By George (Lucas)! He Got It!November 27, 2017
Disney doesn’t get it but George did. Despite having paid $4B for Star Wars, Lucasfilm, and everything that goes with it, Disney doesn’t understand the fundamental reason why the franchise is so beloved and successful – why fans have taken such a proprietary interest that they turned on the creator when he did something that disappointed them. Disney is going to learn a little about the concept of “diminishing returns” and the lesson is going to hit them hard where it most hurts – in the pocketbook.
In a song she wrote some six years before Star Wars reached movie screens, Carly Simon had this to say: “Anticipation, Anticipation…Is keeping me waiting.” In many ways, that’s the not-so-secret secret to Star Wars’ success: anticipation. Throughout the 38 years he ruled over the franchise, George Lucas only once rushed into something (the lamentable Star Wars Holiday Special) and the lesson he learned from that misstep led to an approach that has resulted in Star Wars achieving the longevity it has enjoyed. But we now live in an age of impatience, when fans seek out spoilers like the Holy Grail, and Disney has bought into this lock, stock, and barrel. Their shortsightedness will make a ton of money short-term (in large part because of the pent-up eagerness generated by Lucas’ approach) but will most likely kill Star Wars long-term.
1977. Baseball was still America’s pastime. The bicentennial was fading in the rearview mirror as patriotism gave way to cynicism. Jimmy Carter was in the White House. Disco was on the rise. And Star Wars thundered into theaters on its way to changing everything about how movies were made, marketed, and sold. The movie found fans of all ages but the most devoted of devotees were those of my generation – who were between about 7 and 15 years old when Star Wars bowed (I was, for the record, 9 going on 10). At the time, I was a smidgen too young for Star Trek, that other great bastion of ‘70s fan devotion, so I gravitated toward Star Wars.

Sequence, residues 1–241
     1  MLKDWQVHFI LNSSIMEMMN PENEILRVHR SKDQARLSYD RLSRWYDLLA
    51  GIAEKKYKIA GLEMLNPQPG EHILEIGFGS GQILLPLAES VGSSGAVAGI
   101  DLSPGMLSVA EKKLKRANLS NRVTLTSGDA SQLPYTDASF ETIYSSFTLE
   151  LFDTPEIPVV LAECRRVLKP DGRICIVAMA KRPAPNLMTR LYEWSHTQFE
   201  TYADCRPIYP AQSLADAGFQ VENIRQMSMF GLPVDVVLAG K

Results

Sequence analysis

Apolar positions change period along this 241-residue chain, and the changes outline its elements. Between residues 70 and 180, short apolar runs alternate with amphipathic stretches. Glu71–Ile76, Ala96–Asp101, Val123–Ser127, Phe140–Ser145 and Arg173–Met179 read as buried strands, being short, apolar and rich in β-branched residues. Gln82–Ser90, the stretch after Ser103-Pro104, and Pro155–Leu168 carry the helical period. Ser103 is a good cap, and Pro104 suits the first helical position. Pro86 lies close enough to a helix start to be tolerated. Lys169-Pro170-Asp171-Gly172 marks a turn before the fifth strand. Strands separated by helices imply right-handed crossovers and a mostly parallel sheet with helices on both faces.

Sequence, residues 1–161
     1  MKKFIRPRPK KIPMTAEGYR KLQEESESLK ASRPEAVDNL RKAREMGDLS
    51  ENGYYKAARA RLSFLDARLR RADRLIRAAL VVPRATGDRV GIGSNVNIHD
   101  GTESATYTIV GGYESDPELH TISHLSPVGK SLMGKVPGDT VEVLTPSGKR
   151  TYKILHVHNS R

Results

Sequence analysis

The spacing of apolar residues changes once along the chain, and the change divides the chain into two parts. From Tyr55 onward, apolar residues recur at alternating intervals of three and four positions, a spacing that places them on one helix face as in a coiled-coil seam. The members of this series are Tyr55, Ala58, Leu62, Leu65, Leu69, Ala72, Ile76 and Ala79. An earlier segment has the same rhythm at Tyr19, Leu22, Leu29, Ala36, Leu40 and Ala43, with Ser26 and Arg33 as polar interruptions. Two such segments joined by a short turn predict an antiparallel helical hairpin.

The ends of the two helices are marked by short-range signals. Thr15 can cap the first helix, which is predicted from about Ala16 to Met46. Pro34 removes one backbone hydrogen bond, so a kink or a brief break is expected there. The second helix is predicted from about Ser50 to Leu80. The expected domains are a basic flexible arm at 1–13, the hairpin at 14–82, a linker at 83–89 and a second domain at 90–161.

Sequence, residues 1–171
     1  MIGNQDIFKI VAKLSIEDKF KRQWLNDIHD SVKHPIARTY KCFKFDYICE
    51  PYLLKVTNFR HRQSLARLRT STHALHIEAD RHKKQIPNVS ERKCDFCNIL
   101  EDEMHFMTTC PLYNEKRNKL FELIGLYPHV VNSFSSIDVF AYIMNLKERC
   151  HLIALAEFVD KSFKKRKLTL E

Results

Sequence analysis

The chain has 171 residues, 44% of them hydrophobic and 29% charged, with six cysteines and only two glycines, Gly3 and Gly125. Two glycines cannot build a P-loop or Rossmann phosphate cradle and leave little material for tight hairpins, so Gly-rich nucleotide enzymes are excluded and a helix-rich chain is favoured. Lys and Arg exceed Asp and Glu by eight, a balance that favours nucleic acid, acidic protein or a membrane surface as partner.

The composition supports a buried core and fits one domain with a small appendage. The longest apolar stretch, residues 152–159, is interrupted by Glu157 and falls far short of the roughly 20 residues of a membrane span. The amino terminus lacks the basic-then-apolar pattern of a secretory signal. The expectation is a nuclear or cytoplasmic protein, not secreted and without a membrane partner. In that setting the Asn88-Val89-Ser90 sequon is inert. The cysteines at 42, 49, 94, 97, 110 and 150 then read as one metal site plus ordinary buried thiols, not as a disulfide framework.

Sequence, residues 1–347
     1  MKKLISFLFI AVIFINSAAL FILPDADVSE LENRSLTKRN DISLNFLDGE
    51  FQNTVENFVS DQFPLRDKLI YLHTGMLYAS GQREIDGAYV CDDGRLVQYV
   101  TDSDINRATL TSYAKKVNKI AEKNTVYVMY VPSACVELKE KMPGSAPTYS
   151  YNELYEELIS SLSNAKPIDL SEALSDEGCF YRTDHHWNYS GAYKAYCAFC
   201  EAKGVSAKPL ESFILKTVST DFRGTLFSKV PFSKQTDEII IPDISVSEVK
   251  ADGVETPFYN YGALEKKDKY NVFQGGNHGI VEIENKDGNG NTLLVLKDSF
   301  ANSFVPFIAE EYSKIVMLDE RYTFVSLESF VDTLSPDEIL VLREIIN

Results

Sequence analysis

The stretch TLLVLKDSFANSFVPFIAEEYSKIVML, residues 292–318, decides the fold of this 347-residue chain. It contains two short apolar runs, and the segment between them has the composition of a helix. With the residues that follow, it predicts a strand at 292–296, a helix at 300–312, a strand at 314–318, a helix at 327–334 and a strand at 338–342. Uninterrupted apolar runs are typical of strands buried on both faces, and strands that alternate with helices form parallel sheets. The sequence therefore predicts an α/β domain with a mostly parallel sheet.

It has been said that, had Lucas been savvier, he would have been better prepared for the success of Star Wars and had the toys ready to go. But George was a filmmaker not a soothsayer and no one expected the movie to be such a monster marketing machine. I would argue that the lack of merchandise at the outset was a boon because it magnified the desirability of everything out there – a soundtrack album, posters, bed sheets, trading cards, the novel, a comic book (by Marvel, who is now intimately involved with Star Wars in a different sort of marriage), and a few other things. No action figures – those wouldn’t even be ready for Christmas. We had to wait for them. And the waiting made us more eager. We ate up each little tidbit about Star Wars 2 as it leaked out through the official fan club newsletter (published quarterly – I won a subscription through a newspaper contest). We got excited when the comic book reached Issue #7 because that’s when new material arrived. And when Splinter of the Mind’s Eye was published…